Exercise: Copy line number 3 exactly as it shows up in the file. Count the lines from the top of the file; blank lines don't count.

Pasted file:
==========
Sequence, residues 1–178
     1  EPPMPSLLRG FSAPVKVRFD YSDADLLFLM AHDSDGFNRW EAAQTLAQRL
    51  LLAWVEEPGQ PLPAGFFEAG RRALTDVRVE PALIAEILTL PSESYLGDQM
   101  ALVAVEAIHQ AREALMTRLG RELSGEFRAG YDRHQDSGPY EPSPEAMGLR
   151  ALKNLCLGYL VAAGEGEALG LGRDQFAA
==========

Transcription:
    51  LLAWVEEPGQ PLPAGFFEAG RRALTDVRVE PALIAEILTL PSESYLGDQM